German Yields Show Government Bonds Aren't So Safe: -0.079%

By Lee Herzog and Karl Cates | July 26, 2012
  • What's Happening

    What's Happening

    Investors often turn to top-rated government bonds to minimize risk while generating a return. Yet it can be a mistake to think that a zero-percent return on a top-rated government bond is as bad as it gets. During the Depression, many coupon-bearing U.S. government securities provided negative yields. Today, the yield on the 2-year German government bond is -0.079 percent, and Germany and France recently sold six-month bonds with slightly negative yields. Switzerland's five-year government debt trades at a negative yield, and the one-year Dutch bond recently turned negative. Skittish investors are willing to pay the government to hold their money. "It's not return on capital, it's return of capital," says Peter Allwright of London's RWC Partners.

    Photograph by Michele Tantussi/Bloomberg

  • Why It Matters

    Why It Matters

    Rock-bottom interest rates hurt returns on money-market funds, whose holdings are skewed heavily toward short-term government debt. If you factor inflation into the equation, the yields on a lot of developed-world short- and medium-term government debt have actually been negative for much of the past four years. Put another way, investors who own money-market funds have actually lost money and will probably continue to do so, since central banks are expected to keep rates very low for the foreseeable future. The Bloomberg survey consensus forecast is for the Federal Reserve's benchmark to rise to only 0.38 percent by the end of 2013 (today it is at 0.25 percent).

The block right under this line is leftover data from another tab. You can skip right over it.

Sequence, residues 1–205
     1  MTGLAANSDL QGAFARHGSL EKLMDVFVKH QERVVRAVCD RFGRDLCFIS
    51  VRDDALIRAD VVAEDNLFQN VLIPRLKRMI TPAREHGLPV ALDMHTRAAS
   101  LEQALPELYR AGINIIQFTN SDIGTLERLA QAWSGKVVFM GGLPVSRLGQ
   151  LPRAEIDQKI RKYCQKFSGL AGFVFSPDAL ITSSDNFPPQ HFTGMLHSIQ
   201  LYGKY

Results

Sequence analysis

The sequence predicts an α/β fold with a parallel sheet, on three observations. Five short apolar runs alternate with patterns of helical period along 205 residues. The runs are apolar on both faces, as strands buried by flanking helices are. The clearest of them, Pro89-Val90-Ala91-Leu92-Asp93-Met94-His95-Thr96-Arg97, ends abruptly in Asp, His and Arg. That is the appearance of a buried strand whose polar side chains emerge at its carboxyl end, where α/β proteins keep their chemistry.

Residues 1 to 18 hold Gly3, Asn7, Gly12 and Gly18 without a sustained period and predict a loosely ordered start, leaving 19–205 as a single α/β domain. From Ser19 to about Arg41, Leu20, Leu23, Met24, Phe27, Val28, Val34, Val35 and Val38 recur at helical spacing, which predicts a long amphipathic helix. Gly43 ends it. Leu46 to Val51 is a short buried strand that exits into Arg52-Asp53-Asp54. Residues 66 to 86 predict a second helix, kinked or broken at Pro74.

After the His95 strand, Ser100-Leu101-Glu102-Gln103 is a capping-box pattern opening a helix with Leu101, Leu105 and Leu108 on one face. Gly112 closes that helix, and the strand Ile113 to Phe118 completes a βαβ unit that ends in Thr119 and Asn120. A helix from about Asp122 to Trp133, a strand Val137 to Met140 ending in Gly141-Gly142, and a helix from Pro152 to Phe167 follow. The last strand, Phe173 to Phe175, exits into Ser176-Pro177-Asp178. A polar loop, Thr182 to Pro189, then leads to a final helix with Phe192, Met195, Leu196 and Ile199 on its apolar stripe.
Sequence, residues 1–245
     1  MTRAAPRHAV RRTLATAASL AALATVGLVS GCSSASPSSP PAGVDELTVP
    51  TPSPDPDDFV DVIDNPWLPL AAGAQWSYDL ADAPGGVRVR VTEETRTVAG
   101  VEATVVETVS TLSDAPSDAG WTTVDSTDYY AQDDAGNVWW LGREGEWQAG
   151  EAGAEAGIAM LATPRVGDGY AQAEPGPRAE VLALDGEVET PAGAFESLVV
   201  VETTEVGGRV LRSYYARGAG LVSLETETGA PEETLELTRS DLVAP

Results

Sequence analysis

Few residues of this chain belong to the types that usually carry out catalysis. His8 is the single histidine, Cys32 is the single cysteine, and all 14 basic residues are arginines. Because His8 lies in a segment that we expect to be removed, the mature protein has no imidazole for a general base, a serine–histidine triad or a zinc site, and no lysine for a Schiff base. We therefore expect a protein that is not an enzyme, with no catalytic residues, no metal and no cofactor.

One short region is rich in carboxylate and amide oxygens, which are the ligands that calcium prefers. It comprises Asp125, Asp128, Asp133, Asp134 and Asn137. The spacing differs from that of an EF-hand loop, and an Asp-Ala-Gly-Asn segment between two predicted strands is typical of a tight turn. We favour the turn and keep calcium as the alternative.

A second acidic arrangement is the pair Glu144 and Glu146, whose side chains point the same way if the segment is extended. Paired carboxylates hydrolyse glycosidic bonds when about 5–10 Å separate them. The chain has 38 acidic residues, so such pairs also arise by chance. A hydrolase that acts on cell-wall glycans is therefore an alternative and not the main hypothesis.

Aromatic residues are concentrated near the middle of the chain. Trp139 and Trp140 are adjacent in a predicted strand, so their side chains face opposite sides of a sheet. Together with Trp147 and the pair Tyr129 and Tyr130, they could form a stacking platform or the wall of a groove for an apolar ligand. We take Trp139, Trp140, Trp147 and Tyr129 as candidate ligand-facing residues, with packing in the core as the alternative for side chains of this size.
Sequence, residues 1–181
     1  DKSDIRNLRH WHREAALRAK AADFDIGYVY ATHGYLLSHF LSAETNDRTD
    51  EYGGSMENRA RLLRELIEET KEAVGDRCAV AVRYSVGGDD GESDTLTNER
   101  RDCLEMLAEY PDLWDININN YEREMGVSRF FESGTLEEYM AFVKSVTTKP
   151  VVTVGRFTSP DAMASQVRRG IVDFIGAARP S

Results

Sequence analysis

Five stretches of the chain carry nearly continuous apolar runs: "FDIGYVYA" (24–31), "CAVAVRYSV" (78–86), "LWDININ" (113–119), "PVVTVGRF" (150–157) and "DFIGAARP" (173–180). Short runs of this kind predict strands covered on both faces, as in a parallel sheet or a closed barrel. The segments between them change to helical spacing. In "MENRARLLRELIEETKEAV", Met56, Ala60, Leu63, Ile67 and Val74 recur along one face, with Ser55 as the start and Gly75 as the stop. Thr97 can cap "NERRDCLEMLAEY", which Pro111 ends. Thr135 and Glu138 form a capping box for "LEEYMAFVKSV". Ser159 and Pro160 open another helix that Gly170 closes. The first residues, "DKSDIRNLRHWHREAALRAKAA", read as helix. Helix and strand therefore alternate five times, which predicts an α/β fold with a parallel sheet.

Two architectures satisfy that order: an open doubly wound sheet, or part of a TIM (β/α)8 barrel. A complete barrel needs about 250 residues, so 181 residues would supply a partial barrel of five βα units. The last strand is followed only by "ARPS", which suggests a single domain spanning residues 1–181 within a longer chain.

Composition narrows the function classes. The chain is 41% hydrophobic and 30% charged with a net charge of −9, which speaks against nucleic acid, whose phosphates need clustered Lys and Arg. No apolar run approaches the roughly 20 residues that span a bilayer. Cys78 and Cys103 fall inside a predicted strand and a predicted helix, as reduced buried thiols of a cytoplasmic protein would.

• What It Means for Your Portfolio

    What It Means for Your Portfolio

    It's all but impossible today for investors to gain much real yield in short-term, cash-alternative investments, especially if those holdings are tied to Europe. Three major U.S. asset-management firms -- Blackrock, JPMorgan and Goldman Sachs -- closed their European money-market funds to new investment after the European Central Bank's decision in early July to lower deposit rates to zero. Money-market funds, in short, aren't making any money. Bill Gross at Pacific Investment Management, says that investors may be able to maintain purchasing power better with real assets, such as inflation-linked bonds, commodities and real estate.

    Photograph by Scott Eells/Bloomberg

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